I am only just now discovering for myself the wonderful literary creations of Satyajit Ray — young adult literature that is pure enjoyment for all ages. I finished The Diary of a Space Traveller, and am on weekends working through the large collection of detective stories, Feluda. The first of the stories of Professor Shonku opens with the discovery of his diary in a meteor crater, and this is one of the first lines:
Oh God, was he going to tell me another story about a tiger? Tarak Babu had this most annoying habit of dragging a tiger into whatever anecdote he happened to relate. (2)
Who can resist this? There is no tiger, but an irascible and brilliant old man who ceaselessly invents the most wonderful things. The first entry in Professor Shonku’s diary sets the stage, when he is startled by an intruder — a weird looking man — but finds it is simply his own reflection that has startled him, as his faithful servant has removed an old calendar from the mirror. So he shoots his servant with a snuff gun, ensuring he will be sneezing for next 33 hours. I am not generally in favour of shooting servants ever, but I am indeed in favour of the existence of a snuff gun. I also enjoyed his desire to invent various pills for making annoying people uncomfortable enough to leave him alone.
His is not precise science you understand, more that marvelous old-fashioned alchemical science that relied on bunson burners and vials, glasses full of strangely coloured liquids bubbling over flames and jars full of rare and magical things (like the whiskers of lobsters). And this is not a world empty of what appears to be magic, but one where science acknowledges there is much that it does not yet know.
It is a world of intelligent cats and crows and nosy neighbours and rockets and all things nice.
It has titles like ‘Professor Shonku and the Egyptian Terror’, and another reason to love the professor:
I decided to visit this strange tomb, if I could find the time and opportunity. I love cats. I had to leave my own Newton at home. I feel homesick whenever I think of him. (161)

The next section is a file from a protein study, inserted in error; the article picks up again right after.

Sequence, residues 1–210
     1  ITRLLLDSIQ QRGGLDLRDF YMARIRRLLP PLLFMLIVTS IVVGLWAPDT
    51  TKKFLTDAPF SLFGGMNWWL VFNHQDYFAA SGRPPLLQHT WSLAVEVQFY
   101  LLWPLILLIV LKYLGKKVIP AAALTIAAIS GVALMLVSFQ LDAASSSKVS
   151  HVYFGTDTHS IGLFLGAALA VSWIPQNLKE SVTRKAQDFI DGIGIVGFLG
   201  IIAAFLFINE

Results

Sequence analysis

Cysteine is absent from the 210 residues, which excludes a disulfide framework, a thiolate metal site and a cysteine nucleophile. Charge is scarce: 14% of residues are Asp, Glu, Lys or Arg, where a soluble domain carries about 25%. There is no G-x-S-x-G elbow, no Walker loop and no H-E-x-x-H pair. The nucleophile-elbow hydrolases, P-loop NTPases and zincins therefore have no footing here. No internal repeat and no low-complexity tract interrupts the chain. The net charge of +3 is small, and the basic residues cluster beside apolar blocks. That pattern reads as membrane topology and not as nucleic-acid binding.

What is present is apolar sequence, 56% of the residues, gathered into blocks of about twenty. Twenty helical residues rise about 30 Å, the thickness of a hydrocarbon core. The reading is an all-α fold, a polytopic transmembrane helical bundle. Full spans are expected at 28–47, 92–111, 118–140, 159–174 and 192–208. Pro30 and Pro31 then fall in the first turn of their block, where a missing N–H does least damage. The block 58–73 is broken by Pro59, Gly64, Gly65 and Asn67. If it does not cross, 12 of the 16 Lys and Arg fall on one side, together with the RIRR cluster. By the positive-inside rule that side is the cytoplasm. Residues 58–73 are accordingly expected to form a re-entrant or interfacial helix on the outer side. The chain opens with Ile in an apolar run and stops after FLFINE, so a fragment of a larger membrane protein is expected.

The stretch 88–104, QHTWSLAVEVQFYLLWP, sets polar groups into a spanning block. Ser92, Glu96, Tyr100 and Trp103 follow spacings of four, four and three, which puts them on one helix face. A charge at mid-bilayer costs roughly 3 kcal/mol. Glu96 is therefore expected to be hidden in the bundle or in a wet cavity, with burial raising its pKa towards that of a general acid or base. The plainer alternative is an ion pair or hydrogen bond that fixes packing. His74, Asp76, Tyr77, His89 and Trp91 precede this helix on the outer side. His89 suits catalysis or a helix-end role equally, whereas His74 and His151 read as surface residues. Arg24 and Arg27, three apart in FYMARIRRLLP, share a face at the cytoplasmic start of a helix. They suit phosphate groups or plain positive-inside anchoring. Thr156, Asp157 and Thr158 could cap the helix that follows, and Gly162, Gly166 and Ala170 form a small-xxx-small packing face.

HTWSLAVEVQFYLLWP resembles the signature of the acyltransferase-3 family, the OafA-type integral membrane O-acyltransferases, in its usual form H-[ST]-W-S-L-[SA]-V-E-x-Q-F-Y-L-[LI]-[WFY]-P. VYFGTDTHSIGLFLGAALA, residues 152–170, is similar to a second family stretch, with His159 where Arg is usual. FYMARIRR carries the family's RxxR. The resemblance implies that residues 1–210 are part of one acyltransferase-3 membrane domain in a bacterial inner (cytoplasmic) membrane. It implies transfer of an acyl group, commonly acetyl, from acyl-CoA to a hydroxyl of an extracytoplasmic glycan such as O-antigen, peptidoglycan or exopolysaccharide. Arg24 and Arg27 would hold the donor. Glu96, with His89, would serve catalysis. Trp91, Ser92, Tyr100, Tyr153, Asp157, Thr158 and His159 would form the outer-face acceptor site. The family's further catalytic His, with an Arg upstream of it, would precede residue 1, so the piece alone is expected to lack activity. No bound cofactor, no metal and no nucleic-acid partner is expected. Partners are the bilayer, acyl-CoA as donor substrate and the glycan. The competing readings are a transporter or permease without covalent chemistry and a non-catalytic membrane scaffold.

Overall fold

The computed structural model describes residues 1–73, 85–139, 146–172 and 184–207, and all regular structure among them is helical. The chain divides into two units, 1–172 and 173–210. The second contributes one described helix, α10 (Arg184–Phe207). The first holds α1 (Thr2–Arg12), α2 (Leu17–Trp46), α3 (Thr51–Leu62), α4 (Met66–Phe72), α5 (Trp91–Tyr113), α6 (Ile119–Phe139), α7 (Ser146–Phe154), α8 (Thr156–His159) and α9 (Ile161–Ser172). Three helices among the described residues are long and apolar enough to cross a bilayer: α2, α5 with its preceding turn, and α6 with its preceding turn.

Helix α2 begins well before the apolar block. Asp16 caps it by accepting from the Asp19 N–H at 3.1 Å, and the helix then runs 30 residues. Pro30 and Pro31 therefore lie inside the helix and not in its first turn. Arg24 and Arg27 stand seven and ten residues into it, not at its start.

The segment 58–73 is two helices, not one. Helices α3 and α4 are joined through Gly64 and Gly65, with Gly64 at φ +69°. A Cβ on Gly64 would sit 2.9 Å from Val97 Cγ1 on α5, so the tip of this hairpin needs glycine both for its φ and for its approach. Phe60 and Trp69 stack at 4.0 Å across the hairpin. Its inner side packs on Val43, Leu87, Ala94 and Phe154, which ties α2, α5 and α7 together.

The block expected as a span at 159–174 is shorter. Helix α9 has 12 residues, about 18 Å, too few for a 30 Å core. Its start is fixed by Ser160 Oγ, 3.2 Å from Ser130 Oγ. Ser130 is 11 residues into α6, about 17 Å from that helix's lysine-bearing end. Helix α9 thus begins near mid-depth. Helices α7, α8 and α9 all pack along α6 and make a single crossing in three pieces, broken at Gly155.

These particularly reminded me of Verne or Conan Doyle — Professor Shonku is described by Satyajit Ray as a mixture of Doyle’s Professor Challenger and his own father Sukomar’s creation Hesoram Hushiar. They are told resolutely from a Bengali perspective. A scientist with many friends in European and American circles, who travels widely and is as widely respected, but still within a post-colonial reality where he occupies a certain space. He is told by a sinister Egyptian:
‘You appear to be an Indian. So why are you getting mixed up with these white brutes? Why are you so concerned about the ancient and holy objects of our past?’
Despite this space, he shares some shortcomings that usually I only associate with Americans and Europeans —
But that was really not so amazing, was it? Bengalis might be a most diverse race–two unrelated men rarely look similar. But the Egyptians are different. On Egyptian frequently looks like another. (174)
Oh dear…he says something very similar about the Chinese. But still. His love of ancient and holy objects and knowing the past is actually combined with a strong respect and ethics in dealing with such things found rarely if ever in fiction by white authors. I loved ‘Professor Shonku and the Box from Baghdad’, where they come across both mystery and treasure and this happens:
Al-Hubbbal smiled a little dryly. ‘I don’t mean you, Professor Shonku, but–‘ he paused and glanced at Goldstein, ‘–many of our valuable possessions have made their way to museums in the West. So even if you didn’t want anything for your own use, I fear you might tell some museum or other about things you’ve seen.’
Goldstein looked embarrassed… (211)
Spoiler alert — Goldstein does in fact try to take the marvelous Box, and he is struck down with a fitting punishment.
Finally. Everyone gives a cheer.
This little book ends most delightfully with more information about both Satyajit Ray as author (and, of course, famous director) and Professor Shonku. There are two fact files and these brilliant lists as little games that younger readers can play guessing their meanings. The first list is of some of Shonku’s inventions:
Pretty awesome. And then there are all these wonderful compounds:
Immensely enjoyable, the only thing I am saddened by is the lack of presence his hometown of Giridi bears in the stories, or any of the cities he visits. But you can’t have everything.